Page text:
Thursday, May 19, 2011

Huntun Tang (Wonton Soup)




Throughout the world, Wonton Soup is a dish as well known by name as Chow Mein, Chop Suey, and Sweet and Sour Pork.  In China, where it has been known for as many as 2,000 years, it is also popular everywhere, and has variations such as the Sichuanese Long Chao Shou.  The Chinese word huntun has some lyrical interpretations, such as the doubtful story that the dumplings were named after two tribal warriors in Ancient China named Hun and Tun.  In cantonese, the characters, pronounced similarly as wahn tan, 云吞, is translated as "swallowing clouds." Traditional variations include the addition of noodles, (huntun tang mian 馄饨 汤面), and of additional ingredients, such especially cabbage or spinach.

This recipe is quite easy to prepare, especially if you have chicken stock on hand.  It's not recommended to make the wonton skins from scratch, since the traditional recipe calls for such a thin wrapper.  Many good store-bought skins are available, even in Western supermarkets

Wontons:
50 -100 wonton skins
Filling:
1/2# shrimp (Weigh after deveining and shelling) chopped coarsely
1/2# Pork, minced with cleaver
2 small green onion, minced
1 scant TAB soy
1 TAB rice wine
1/2 tsp salt
1/2 tsp white pepper
dash black pepper
1/2” x 3/4 “ pc peeled ginger, finely minced
2 tsp cornstarch
1 round tsp sugar
2 tsp sesame oil
--makes 50 to 70 wontons

Chop the shelled deveined shrimp; finely mince into a paste 1/3 or so of the chopped shrimp. Combine all the filling ingredients except sesame oil and stir vigorously and thoroughly in one direction until the mass coheres and is well blended. Add sesame oil and continue to mix until oil is incorporated.
Put a round tsp or so of filling in the center of the square wrapper and wet two adjacent edges.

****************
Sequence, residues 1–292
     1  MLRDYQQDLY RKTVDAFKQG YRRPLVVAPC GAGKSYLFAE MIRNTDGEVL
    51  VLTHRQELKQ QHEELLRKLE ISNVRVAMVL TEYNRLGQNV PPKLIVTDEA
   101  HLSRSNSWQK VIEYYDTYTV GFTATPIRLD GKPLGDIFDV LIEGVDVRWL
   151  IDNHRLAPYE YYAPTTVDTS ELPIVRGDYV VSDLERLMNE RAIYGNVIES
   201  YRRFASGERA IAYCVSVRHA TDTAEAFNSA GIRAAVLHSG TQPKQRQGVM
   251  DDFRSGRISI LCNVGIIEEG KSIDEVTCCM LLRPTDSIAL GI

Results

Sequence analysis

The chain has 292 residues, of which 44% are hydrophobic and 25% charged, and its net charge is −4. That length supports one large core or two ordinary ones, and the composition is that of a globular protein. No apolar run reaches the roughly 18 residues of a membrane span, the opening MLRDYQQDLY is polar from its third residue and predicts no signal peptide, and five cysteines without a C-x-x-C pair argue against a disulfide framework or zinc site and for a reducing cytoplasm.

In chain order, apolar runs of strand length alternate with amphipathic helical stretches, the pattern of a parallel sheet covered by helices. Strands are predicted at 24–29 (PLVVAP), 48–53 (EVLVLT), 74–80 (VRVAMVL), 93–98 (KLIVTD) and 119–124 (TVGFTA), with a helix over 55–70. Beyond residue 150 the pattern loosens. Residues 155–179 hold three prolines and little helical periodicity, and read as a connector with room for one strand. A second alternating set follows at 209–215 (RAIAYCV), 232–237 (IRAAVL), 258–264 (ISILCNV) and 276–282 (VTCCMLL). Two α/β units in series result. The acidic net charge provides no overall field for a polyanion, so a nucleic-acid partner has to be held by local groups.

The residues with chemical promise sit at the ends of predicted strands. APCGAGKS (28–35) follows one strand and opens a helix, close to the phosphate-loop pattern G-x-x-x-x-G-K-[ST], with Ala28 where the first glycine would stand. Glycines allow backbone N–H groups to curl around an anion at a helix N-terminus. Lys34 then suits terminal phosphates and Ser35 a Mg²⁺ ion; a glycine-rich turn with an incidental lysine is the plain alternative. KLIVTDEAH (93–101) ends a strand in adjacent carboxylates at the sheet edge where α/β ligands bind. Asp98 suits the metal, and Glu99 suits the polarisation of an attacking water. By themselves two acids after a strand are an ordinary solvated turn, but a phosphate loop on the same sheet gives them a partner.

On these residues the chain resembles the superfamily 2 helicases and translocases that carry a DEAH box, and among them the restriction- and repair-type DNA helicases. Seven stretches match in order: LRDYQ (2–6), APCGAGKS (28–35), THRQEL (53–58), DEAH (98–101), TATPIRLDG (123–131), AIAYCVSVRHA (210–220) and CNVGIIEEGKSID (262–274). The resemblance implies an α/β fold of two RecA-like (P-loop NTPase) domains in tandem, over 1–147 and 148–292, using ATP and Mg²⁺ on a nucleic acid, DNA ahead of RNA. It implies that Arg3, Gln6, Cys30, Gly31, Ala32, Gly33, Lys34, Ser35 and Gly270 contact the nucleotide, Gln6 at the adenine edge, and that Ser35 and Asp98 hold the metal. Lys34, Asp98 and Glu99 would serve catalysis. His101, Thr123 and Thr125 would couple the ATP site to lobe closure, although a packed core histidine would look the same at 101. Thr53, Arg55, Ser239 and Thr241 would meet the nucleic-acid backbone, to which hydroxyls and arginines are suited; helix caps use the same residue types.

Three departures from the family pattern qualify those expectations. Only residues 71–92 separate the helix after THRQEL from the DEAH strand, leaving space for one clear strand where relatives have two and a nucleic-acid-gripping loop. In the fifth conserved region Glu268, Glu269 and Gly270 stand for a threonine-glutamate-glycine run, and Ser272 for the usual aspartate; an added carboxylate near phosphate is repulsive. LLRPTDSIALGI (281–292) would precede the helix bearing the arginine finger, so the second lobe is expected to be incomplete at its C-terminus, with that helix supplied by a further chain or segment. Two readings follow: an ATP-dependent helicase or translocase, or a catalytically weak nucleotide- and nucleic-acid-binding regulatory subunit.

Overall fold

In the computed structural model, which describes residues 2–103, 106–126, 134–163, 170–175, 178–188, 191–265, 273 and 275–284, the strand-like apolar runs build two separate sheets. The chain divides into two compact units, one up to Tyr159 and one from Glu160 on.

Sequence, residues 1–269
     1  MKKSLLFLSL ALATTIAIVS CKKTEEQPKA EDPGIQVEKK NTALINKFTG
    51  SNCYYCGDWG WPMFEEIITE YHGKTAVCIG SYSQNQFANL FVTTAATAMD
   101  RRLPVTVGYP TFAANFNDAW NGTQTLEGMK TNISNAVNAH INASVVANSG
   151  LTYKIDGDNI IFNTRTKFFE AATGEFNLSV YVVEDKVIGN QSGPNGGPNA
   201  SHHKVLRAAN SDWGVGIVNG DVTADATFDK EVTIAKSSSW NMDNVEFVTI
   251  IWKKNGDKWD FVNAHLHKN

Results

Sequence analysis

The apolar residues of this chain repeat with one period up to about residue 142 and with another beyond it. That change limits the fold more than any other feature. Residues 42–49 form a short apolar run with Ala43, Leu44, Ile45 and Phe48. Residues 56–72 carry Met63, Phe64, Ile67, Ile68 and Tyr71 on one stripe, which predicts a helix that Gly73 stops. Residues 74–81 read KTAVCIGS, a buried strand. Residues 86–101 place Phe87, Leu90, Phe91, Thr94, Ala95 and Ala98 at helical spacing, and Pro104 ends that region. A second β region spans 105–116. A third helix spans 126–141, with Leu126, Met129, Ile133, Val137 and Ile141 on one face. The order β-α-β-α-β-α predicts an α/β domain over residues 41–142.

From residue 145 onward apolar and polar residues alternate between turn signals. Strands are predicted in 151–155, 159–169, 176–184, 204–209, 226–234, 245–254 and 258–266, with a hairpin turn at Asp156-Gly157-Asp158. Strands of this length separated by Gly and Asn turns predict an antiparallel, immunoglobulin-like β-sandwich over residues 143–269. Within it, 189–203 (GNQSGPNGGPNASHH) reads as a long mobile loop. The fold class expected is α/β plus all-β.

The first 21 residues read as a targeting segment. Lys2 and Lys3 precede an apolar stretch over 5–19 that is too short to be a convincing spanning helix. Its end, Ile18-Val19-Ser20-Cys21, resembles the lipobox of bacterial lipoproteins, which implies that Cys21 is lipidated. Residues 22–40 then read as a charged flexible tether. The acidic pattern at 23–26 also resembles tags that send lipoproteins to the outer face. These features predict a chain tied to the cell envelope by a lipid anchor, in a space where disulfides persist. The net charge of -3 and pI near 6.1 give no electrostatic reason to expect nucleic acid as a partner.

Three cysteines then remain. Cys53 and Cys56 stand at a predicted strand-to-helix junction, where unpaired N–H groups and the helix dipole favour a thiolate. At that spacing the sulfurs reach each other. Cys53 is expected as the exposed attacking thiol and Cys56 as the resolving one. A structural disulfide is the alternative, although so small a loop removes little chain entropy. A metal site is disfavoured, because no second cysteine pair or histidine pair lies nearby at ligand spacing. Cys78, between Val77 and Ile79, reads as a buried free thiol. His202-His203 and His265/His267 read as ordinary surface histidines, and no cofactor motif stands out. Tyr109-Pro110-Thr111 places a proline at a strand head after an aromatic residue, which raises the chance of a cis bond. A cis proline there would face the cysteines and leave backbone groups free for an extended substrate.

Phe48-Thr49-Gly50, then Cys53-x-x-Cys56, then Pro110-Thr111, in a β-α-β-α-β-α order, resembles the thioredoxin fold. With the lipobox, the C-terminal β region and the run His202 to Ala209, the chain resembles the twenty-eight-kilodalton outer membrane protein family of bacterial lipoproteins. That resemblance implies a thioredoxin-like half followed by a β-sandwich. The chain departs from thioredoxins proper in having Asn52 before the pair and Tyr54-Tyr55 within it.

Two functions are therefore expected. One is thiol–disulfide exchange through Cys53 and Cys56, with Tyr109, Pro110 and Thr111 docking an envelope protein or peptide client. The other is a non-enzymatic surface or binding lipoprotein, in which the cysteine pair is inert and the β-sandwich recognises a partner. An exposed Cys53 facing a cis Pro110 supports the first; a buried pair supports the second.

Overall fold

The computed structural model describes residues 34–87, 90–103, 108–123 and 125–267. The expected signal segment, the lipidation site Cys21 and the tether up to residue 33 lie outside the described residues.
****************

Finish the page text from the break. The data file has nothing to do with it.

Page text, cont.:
Fold the wet edges over the filling, align with the opposite edge and press together securely to form a triangle. Now wet one of the pointed ends at the longest side, and pull it and the other point back around to make the two ends of the longest side overlap. Press the ends together, and the dumpling is completed. (You will need about 10 pcs for this recipe, but huntun can be arranged on a parchment-lined cookie sheet, frozen, bagged and frozen).












































To make the Soup:

10 won ton
3 cups chicken stock (for 1 lg bowl or two small bowls)
3 very thin slices of ginger
3 small-med bai cai or napa cabbage leaves (or six small spinach leaves)
dash of white pepper
1/2 to 1 tsp of sugar to taste
Salt to taste.
1/2 green onion, thinly sliced on an extreme diagnonal for garnish
Sesame oil for garnish

Blanch cabbage leaves for 1-1/2 minute, drain and cut out thickest portion of spine and slice into 1” diagonal pieces. Set aside. Slice 1/2 green onion on sharp diagonal for garnish.
When you are almost ready to serve, begin heating the soup with ginger slices, salt, sugar and white pepper to a very gentle simmer, tasting and adjusting seasoning; in the meantime place approximately 10 dumplings into boiling water, stir occasionally, and cook for 2 1/2 minutes. Remove and cover for a few moments while the soup is prepared. As soon as the soup barely simmers, put the cabbage or spinach into a serving bowl or two individual bowls, then the wontons, and pour in the soup. Garnish with sliced onion and sesame oil.

No comments:

Post a Comment